Family Dinners: 4 Tips To Make Them Better|
descriptionHere are 4 tips for a better family dinner.
Healthy eating is the foundation of a healthy life. Here is how you can raise nutrition-smart kids.
If you have a child with a food allergy, you know it's hard to find good tasting safe snacks and to ensure your child steers clear of foods that can trigger reactions. Now that kids are back in class and routines, here are a few strategies to consider from 0the American Academy of Pediatrics. Once you find a product you really like, reread the label each time you buy it. Ingredients could change. If you don't recognize an ingredient on the label, call the manufacturer and ask what it is. Be careful about cross-contact from preparing snacks at home. Allergens can spread from a cutting board or knife. Make sure to properly wash mixing spoons, measuring cups, and heating surfaces. And finally, always pack and carry safe foods from home and make sure your school enforces a 'no-sharing' policy at snack and lunchtime. Here's to a healthy start to the school year.
-You don't have to be a nutritionist to figure out the best foods to buy for your family. With a little know-how, you can find the healthiest buys and steer clear of junk at the supermarket. First off, look for the word sugar on the label. So-called healthy foods contain much more sugar than you might think. Take yogurt for example. Dieticians say you should be shooting for a product that has less than 10 grams of sugar in one serving and many of them have much more plus lots of artificial sweeteners and colorings. Double check the label before you buy. Or those oatmeal packets that seem to be a good choice. Well, many of them have actually more than 9 grams of sugar in a single small serving. Instead, make your own unsweetened oats and dress them up with slight bananas, brown sugar, blueberries, or pure maple syrup. And when buying breakfast cereals, look for whole grains listed as the first ingredient on the box. Finally, an easy rule of thumb, if you can't pronounce what's on the label, you probably don't wanna eat it. Look for labels that list the fewest and most recognizable ingredients and you'll be on your way to better eating.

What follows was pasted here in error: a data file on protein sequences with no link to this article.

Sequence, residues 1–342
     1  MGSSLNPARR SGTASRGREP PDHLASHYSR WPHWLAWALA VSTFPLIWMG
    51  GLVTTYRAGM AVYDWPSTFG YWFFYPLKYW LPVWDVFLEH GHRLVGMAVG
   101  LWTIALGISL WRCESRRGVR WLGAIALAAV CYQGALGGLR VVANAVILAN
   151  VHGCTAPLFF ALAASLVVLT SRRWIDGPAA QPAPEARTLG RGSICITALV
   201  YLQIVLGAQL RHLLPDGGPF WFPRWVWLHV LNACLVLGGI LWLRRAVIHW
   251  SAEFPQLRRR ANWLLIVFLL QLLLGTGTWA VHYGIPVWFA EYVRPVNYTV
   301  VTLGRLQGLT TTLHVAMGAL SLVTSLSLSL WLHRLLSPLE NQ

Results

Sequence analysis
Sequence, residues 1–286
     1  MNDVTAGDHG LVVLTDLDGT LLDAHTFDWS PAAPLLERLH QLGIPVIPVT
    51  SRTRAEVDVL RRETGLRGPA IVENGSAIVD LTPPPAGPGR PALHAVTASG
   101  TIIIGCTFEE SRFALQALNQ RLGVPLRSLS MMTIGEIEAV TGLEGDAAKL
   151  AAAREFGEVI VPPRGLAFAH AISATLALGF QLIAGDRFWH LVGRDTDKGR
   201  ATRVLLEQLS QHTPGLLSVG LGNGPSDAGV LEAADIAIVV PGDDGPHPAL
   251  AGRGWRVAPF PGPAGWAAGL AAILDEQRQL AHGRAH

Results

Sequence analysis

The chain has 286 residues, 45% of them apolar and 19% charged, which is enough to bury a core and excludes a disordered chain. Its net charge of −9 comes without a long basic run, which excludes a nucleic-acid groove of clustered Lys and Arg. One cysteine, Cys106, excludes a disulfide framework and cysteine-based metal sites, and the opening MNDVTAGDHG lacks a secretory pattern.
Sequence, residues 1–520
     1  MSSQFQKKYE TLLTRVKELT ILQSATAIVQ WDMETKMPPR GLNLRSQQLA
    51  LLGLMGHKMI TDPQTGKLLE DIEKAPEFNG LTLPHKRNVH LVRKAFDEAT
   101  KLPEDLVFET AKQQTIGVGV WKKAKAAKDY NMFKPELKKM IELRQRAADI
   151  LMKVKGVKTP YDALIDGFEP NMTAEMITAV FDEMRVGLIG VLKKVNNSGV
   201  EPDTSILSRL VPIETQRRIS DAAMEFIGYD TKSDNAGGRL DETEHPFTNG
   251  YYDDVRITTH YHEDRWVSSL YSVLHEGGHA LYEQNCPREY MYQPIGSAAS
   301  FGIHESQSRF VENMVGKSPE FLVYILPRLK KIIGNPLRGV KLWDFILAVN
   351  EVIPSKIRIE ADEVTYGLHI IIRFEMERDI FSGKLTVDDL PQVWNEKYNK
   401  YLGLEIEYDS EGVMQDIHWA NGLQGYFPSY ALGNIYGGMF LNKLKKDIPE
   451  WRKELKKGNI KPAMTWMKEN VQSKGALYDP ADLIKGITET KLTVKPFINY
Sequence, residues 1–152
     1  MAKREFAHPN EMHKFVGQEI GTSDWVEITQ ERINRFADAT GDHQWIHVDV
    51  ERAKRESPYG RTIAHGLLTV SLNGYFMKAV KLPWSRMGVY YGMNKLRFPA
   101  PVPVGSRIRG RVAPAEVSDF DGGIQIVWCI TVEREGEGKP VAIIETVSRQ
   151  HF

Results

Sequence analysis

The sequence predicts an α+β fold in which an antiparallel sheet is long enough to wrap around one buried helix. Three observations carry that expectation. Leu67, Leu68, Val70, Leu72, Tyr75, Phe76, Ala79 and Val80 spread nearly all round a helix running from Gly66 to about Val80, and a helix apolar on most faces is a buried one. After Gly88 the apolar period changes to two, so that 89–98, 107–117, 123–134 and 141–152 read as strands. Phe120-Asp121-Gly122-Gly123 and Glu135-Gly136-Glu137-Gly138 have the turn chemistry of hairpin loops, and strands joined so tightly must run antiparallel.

A healthy breakfast is usually sacrificed on an hectic morning. Here are 3 quick and healthy meals for kids.
Back to school means back to packing lunches, but this year, it doesn't have to be the same old, same old. Just a few small changes can reap big nutritional benefits. So, let's start with the all-American PB & J, white bread, grape jelly, and peanut butter a classic. Swap in jam made from whole fruit to cut down on sugar and add fiber. Try a less-processed nut butter of her choice made of almonds, cashews, or even decadent hazelnuts. And if allergies are a concern, use soy butter. Then, go for a hearty whole-grain bread with 5 to 6 grams of fiber. Now, that may be a tough sell at first. So start with 2 grams of fiber and work up as you get buy in. You know, you can actually feel the nutrient density. The heavier the loaf of bread, the higher the fiber. And here's another sandwich makeover. Change up the standard bologna and cheese. Substitute low-sodium turkey and high-quality cheese instead of the processed stuff. Swap out the mayo for mustard, or even try this, silken tofu. To drink, tap water, or have your child buy low-fat milk in the lunch line. Replace the chips with sliced apples and carrots, and you're good to go.